In the old days, a brand meant putting your mark on something to signify the source or ownership. Animals were branded with the name of their owner to ensure that if they got lost they could be returned to the right owner. As time passed, companies started putting their names and logos on commodities they produced as a way to differentiate their products from other companies producing the same or a similar product. Today the definition of the word brand has become more than just a name – it is the perception that someone has when they hear or see your company’s name or logo.
Think about this for a second – a brand is a name that has the power to generate a certain feeling or emotion for a person. For companies, achieving this is important because people like to buy from companies that they feel strongly about. But yet, companies struggle to build brands, and there are only a small percentage that build memorable brands. According to Forbes, the companies that lead the charge for the most powerful brands in the world today are Apple, Google, Microsoft, Coca Cola and Facebook.
Why is Building a Powerful Brand So Hard?
- Building a brand takes time – Big brands are not built overnight. It takes years to establish a reputation and get people to think of your company in a certain way. It is even harder for companies that bring a new category of product to market. It can take upwards of 5 years to build a strong brand.
- It is hard to measure a brand and the activities that impact it – Companies use various activities to build awareness about a brand. These could include advertising – print and digital, press releases, sponsoring events, putting out content on social media and on websites via blogs, emails and posts – not only are these activities hard to measure, the value of a brand itself is also hard to measure.
- Companies don’t understand their customer – One of the most important goals for a company is to identify who their target customer is and to understand them. Only then can the company influence their perceptions and actions. With the inundation of information that is available, it is hard to fully understand the customer and what drives certain behaviors and perceptions for them.
5 Best Practices for Building a Brand
- Create a strong company mission – Companies that have a strong mission sell their mission and not their product. Take Athleta for example. They make sportswear for women. Their mission is empowering women and one of their tag lines is, ‘The power of she’. Whenever I think of Athleta I picture a company that is dedicated to advancing women in sports in particular and in life in general. Though there are other companies that sell the same products, I buy from Athleta as I identify with the company’s mission.
- Be transparent – Customers value honesty and integrity in a company. Companies that are open not only about what they are trying to achieve but also about what their drawbacks are are successful in generating trust and more loyal customers. Take Patagonia for example, a company dedicated to making great products while preserving the environment. They are completely open about which products have a large environmental cost and they encourage customers not to buy these. Customers love this and become even more loyal to Patagonia.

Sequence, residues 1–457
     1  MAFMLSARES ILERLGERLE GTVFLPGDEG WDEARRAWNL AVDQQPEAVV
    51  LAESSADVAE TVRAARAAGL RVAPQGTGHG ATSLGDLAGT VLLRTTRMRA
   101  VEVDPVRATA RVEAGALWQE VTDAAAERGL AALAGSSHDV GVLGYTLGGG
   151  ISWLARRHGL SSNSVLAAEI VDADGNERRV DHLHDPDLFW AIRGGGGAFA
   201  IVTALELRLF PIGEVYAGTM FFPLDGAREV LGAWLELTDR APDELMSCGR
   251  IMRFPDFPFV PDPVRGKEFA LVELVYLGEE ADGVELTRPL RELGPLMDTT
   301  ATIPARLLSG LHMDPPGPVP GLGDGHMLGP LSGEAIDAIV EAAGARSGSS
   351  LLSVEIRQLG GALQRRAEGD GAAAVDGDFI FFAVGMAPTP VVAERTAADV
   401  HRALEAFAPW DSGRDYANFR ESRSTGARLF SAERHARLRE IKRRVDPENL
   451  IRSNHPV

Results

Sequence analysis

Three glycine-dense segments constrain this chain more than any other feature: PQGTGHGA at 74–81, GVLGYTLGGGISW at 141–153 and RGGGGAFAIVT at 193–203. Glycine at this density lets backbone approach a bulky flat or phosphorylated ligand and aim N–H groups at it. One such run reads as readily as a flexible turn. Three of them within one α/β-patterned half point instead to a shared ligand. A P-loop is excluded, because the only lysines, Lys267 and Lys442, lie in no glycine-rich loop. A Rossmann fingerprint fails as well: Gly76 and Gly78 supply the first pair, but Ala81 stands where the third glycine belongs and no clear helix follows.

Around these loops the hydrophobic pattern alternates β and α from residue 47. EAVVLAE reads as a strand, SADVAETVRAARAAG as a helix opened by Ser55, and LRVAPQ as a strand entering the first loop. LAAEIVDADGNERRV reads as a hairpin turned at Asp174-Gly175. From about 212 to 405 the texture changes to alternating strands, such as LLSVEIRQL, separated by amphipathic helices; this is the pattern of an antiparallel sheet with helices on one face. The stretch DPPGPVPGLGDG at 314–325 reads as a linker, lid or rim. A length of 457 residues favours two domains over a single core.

- Establish an emotional connection – The strongest brands have a strong emotional connection with their customers. Let’s look at a non frontline product such as Intel. They re-positioned themselves from ‘Intel Inside,’ a hidden processor that people didn’t understand the value of, to ‘Intel Inside that drives great experiences outside,’ with images of Intel powering extreme performance sports. Now people are starting to associate Intel with superior execution both inside the PC and in ‘real life’, creating a perception of high performance for the Intel brand.
- Differentiate yourself – For companies pioneering a new product it is important to educate the market about the benefits of your product/service. For companies entering an established market it is important to ensure the customer knows why your product or service is different from and better than others. Take Nature’s Bakery for example. They entered the crowded organic food market but went the extra mile to position their snacks as the highest quality being non-GMO, cholesterol-free, dairy free, kosher, whole wheat as well as gluten free.
- Optimize moments that matter – The ‘wow’ moments in an experience with a customer is what they will remember about a company. A good example is LensCrafters. They send you an email reminding you of your appointment. Once you get to the appointment, they will greet you by name and welcome you. To help you decide what eyeglasses to buy, they will show you a live demo on an iPad of what the glasses will look like on your face. And if you decide to buy, your items will show up on your doorstep with your correct prescription, exactly when they tell you they will show up. A seamless experience designed to delight the customer at every step.
Whether you sell to consumers or to businesses, the principles above apply. Starting with a powerful mission that matters to your target audience and being honest and open about what your products and services can do will help you establish an emotional connection with customers. Differentiating yourself and optimizing the moments that matter in the buying cycle and beyond will create a favorable impression with the customers and start to create brand value and loyalty for your company. But remember to have patience and a relentless focus on measuring all activities and in time you will start to grow your brand.